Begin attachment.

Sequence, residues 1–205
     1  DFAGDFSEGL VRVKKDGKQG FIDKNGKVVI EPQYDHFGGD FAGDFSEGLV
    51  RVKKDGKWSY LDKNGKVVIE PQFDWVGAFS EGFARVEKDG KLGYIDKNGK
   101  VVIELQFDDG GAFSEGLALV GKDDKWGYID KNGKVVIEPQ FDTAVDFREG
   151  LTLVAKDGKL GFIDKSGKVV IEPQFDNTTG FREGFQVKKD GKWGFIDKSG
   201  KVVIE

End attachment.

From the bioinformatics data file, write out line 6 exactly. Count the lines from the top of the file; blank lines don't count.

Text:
   201  KVVIE